Occupy: A populist response to the crisis of inequality
In the late nineteenth century, the telecommunications revolution and steam power “annihilated time and space” and made possible large-scale organization and centralization. In the Unites States, the new technologies unfolded in the midst of what Mark Twain described as the “Gilded Age”. Corporate power grew exponentially, a handful of business executives amassed immense fortunes, financial panics took a devastating toll, and the society was split by an unprecedented chasm of economic inequality. The farmers, labourers and other citizens at the short end of these wrenching changes responded with the Populist movement of the 1890s, the most powerful challenge to corporate power in American history.
Over the last thirty years, we have witnessed a new telecommunications revolution, a resurgence of corporate power, and a growing crisis of inequality. For good reason, many commentators have noted that the United States is experiencing a “Second Gilded Age”. Yet, the challenges to corporate power have been tentative and sporadic. “The Battle in Seattle”, the mass protest at the 1999 World Trade Organization conference, promised to be the start of a movement against global corporate malfeasance. But the 2000 election, 9/11, the invasion of Iraq and “the war on terror” pushed other issues to the fore. Then, in February of 2011, tens of the thousands of workers, students, and activists converged on the Wisconsin state capitol in Madison to protest a new law restricting the collective bargaining rights of public employees. For the first time since the onset of the Great Recession of 2008, citizens had boldly taken to the streets to defend their rights and livelihoods from the encroachments of corporate power.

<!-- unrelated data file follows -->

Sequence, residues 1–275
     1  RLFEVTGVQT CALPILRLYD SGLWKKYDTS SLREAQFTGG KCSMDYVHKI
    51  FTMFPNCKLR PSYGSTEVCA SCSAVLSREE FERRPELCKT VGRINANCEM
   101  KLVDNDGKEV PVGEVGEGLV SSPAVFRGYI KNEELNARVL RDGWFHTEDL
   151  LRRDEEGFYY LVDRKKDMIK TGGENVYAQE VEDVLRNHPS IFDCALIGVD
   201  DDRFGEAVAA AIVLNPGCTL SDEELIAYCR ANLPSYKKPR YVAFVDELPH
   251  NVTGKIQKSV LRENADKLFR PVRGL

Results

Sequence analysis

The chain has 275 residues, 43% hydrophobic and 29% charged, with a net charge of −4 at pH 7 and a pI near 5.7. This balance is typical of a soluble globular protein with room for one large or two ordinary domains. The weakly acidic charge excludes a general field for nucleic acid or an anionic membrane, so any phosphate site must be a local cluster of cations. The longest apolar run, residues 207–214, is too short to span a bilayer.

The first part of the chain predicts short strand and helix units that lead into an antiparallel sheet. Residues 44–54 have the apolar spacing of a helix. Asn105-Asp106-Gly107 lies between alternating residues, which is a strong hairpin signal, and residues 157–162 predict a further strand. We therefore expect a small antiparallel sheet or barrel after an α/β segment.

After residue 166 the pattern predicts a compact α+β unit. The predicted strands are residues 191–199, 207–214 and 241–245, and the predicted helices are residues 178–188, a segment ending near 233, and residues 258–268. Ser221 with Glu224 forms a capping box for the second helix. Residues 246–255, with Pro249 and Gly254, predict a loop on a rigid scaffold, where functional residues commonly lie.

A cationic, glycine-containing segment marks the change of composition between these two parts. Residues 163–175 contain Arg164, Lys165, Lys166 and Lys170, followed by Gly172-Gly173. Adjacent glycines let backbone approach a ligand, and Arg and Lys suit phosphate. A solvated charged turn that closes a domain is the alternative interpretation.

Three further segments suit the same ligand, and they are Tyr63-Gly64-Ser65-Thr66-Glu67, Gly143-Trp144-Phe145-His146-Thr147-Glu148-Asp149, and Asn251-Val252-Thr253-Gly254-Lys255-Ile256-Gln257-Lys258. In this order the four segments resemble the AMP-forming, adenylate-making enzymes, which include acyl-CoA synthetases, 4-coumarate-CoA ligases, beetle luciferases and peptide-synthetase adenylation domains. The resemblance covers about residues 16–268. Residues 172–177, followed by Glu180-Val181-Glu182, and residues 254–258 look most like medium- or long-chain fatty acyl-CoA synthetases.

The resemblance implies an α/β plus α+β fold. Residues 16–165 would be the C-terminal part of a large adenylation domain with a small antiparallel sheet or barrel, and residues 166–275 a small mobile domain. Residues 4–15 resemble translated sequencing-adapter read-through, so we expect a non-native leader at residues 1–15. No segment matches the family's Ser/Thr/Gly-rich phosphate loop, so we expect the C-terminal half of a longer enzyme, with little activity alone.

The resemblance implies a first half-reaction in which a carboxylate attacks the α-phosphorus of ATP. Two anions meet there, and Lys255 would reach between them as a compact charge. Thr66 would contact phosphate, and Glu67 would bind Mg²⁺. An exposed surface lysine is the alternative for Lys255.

Taking inspiration from Tahir Square and the Arab Spring, as well as the Wisconsin protests, the Occupy Wall Street Movement was born in September 2011 with the encampment in Zuccotti Park in New York’s financial district. The movement quickly spread to hundreds of American cities and dozens of countries. Many of those involved in the encampments have been young people — students, as well as employed, semi-unemployed, and unemployed graduates with too much student debt. And they have been joined by teachers, nurses, transit workers, and other sections of the labour movement, along with a broad array of activists involved in housing, education, women’s rights, immigration and other causes. Although the Occupy Movement has no specific set of demands, and is ideologically and organizationally amorphous, it represents the most strikingly populist response to the present crisis. The Occupy Movement corresponds to the Populism of the last Gilded Age in three interrelated ways.